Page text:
New meat enters the big house, in the shape of Collier and she learns that it won't be an easy walk in the park. Grear, Alcott, Bodine, Harad and Ferina welcome her to the rough and tumble endurance of prison life and the importance of holding your own to stay alive. Be it, from your inmates or that of their sadistic prison warden named Miss Diestrich. Then there are two peddlers, Harry and Fred who play off the inmates to get what they want.
Roger Corman sent out exploitation director Jack Hill to the Banana republic (Philippines) with very little money, but on-hand he had a group of stunning women to work with. Though, to Corman's surprise, the end result was nothing but phenomenal, since it did extremely well with moviegoers. Its been done before, but this old hat Women-In-Prison concept for "Big Doll House" became revolutionary by giving it an ounce of fresh treatment (or maybe it was just great timing) that simply appealed to the drive-in audience to ensure the genre would erupt again.
Hill's film is quite watered-down for a WIP exploitation feature (compared to its European cousins), but there are enough nitty, gritty elements involving random drug abuse, sadistic torture, and sexual antics, pumping gunfights and wild cat fights in a very energetic pattern. Production-wise, it's very solid for a meagre budget with it drumming in with a saucy score (and also Pam Grier's tantalisingly, groovy title song) and workman-like camera-work that had a great eye to detail. The bang-up story mainly focuses on a group of well-rounded and strong willed, firebrands who are not easy pushovers. Where they're trying to keep their spirit, pride and dignity in tack. A nice dash of snappy humour is worked into the salty dialogues and fiery language. There are some silly aspects, but it does bust out surprises, spontaneous inventions and comic relief, thanks largely to the minor turn by the charismatic character actor Sid Haig. But it was the memorable Pam Grier's steamily, spruced performance that steals every frame. She was the full package and afterwards would go on to be a true Blaxploitation star. Although, the attractively biting Roberta Collins holds her own quite well and Judy Brown, Pat Woodell and Brooke Mills add to the unique, spicy ensemble. Kathryn Loder performance makes headway too, as the stern and lean prison warden. Director Jack Hill's hardened direction is extremely sturdy and he keeps a quick rapid throughout.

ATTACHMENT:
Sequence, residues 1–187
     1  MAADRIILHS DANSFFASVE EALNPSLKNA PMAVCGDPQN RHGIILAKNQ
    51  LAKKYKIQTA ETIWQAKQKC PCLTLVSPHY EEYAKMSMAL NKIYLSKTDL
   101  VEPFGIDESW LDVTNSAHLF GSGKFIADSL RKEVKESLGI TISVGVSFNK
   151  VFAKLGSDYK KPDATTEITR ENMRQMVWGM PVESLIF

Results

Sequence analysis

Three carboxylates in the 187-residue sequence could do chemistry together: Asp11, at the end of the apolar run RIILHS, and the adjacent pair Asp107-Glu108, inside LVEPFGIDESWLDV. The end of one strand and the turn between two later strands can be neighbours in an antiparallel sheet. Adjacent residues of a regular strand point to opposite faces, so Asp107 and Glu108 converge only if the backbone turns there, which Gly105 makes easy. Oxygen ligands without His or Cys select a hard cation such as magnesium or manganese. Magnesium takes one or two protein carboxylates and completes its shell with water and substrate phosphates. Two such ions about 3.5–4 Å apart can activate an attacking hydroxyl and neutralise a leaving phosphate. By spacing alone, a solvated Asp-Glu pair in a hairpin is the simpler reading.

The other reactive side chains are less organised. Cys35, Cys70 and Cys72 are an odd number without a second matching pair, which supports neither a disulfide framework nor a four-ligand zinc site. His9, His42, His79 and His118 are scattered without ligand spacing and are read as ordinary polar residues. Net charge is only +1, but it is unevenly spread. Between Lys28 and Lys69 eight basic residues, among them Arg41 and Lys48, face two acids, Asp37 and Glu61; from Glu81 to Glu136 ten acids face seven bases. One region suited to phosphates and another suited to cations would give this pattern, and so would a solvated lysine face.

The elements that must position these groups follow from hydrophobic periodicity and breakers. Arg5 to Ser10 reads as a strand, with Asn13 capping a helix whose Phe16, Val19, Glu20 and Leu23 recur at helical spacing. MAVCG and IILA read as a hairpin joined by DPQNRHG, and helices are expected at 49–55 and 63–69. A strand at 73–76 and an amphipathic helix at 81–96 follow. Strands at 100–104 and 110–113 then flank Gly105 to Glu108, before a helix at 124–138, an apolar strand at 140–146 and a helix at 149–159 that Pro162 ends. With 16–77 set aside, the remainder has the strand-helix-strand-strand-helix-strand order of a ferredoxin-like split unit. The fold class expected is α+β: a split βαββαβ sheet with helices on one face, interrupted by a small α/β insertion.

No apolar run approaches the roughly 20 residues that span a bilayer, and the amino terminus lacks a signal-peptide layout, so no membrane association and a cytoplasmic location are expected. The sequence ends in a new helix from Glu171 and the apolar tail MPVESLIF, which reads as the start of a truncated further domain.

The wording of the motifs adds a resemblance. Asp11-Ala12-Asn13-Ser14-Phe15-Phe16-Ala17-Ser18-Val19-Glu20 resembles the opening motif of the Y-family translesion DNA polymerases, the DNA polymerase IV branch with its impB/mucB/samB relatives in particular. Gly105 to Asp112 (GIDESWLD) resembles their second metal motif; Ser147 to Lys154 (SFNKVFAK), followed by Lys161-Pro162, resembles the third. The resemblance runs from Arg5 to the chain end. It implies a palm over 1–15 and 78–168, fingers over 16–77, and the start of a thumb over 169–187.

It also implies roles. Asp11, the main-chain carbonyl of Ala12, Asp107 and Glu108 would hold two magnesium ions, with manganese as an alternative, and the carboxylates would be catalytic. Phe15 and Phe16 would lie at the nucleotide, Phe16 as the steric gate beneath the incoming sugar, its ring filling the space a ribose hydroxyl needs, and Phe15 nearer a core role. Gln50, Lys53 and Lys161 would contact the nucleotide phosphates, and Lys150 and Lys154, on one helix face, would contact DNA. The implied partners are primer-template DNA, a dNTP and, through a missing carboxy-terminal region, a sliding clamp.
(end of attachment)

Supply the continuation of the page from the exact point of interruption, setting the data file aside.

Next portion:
An American WIP exploitation flick that keeps it rather tasteful, but still highly entertaining b-grade material with a well-fitted cast.
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